Once a fifth (or sixth, in the NBA) foul is reached, a player should be charged penalty minutes. A fifth foul equals one minute on the bench. A sixth, seventh, eighth, or ninth foul equals an additional sixty seconds on the bench each time. Once a tenth foul is reached, the penalty time jumps to three minutes, where at that point any additional foul is three more minutes on the bench (assuming it’s even possible to have time left in a game after all that).
But then I thought, why not just go all the way and eliminate any sort of personal punishment at all for minor fouls? The player being fouled is already being rewarded with free throws, so where’s the need for any additional penalty?
A referee is never supposed to determine a game, and taking away the possibility of fouling out is one step closer to making sure that they never do. Players won’t have to hold back on defense just to make sure that they are still in the game even after a few small touch-fouls called in the first half.
A team’s game plan shouldn’t revolve around trying to “trick” another team’s player into foul trouble and thus be forced to spend extra time on the bench, which was basically the game plan against Anthony Davis this entire past season, and will most likely be tried against Cody Zeller in 2012-13.
Taking away the “foul out” would also take care of at least some of the problem with excessive flopping. A referee rewarding a player’s decent acting job a few times in the paint wouldn’t have the ability to affect the game like it has been.
Speed Up the End of the Game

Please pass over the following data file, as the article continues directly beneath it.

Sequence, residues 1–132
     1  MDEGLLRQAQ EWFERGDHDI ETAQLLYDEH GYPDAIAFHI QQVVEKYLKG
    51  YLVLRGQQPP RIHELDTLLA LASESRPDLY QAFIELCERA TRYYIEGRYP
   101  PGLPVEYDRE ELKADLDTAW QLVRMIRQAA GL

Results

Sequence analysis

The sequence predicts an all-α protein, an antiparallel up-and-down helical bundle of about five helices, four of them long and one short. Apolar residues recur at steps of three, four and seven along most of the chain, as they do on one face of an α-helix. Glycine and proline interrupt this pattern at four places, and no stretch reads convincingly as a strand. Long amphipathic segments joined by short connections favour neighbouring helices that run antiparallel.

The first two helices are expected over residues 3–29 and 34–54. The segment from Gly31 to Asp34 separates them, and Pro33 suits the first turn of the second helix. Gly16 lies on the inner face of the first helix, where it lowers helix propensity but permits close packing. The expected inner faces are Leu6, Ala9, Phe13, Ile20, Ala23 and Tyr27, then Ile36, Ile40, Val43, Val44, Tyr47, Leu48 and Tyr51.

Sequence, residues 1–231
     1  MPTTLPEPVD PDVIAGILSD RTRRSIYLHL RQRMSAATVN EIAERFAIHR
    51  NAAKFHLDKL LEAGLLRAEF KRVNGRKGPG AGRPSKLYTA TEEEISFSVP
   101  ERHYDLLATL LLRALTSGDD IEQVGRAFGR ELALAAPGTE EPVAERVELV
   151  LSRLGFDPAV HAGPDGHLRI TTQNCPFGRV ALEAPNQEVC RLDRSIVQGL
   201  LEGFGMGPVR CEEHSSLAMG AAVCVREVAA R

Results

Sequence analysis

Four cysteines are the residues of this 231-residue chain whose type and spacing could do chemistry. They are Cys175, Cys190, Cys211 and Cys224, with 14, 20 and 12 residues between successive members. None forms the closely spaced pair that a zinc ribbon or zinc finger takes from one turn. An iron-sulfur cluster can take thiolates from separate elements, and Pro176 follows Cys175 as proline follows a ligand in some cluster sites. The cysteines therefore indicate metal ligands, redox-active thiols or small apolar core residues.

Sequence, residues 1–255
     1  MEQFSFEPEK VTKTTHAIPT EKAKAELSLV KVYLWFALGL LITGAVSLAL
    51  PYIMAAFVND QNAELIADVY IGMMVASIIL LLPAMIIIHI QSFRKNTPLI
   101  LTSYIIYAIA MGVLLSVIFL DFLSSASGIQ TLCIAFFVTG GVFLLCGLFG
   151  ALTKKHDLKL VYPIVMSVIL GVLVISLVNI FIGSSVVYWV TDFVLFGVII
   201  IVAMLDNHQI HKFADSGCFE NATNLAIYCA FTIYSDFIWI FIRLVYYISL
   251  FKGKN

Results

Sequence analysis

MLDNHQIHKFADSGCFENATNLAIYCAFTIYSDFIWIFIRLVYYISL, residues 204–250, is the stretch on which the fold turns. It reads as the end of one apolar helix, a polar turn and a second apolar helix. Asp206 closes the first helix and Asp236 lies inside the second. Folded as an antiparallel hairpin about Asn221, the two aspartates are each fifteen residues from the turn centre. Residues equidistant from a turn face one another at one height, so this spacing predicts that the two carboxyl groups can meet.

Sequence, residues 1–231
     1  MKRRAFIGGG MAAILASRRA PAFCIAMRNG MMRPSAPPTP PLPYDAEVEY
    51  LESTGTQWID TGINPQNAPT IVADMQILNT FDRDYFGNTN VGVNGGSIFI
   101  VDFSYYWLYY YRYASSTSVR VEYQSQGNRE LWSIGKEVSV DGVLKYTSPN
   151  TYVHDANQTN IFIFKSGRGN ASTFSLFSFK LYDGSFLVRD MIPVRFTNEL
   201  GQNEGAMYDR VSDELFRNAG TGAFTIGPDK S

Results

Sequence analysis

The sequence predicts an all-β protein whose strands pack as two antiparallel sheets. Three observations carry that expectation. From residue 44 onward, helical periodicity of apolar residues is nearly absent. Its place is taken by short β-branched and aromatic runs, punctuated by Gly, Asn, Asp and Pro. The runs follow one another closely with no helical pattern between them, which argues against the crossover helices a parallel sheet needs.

You could miss an entire 37 minutes of a basketball game, only watch the last three, and still be completely satisfied. The last three minutes are the most compelling and the most worth watching (especially for casual/non-basketball fans).
The problem is, the last three minutes actually lasts fifteen, and for every shot taken there are generally at least two timeouts called.
Not only is this incredibly boring for fans, it’s also bad for teams trying to run an offense. It’s much easier to score when you’re in the flow of the game, and all those timeouts/commercial breaks/substitutions/monitor checks put the defense at a clear advantage.
As a coach, you should have prepared your team enough in practice that one time out in two minutes should be enough to make you comfortable with letting your players make decisions and play.
The FIBA rulebook offers an excellent suggestion in that timeouts cannot be called while the ball is in play. Even if a player gets trapped in a corner, that’s too bad for them. Tough. He got himself into that situation, and it’s just the way the game will have to be played out.
In addition, a timeout can only be requested in advance by a coach. After your request is placed, your team will receive its timeout during their next dead ball (a request can always be cancelled).
The other rule I would like to implement is to limit substitutions during the last five minutes of the game. Once the clock hits the five minute mark, a player cannot check into the game more than twice.
This will take care of checking players in (and thus stopping the game) solely to play defense or to foul, and then checking back out (stopping the game again) once the team is back on offense. You would have to keep your players in the game even if they were in foul trouble and thus would force them to think twice about going for the foul late in the game.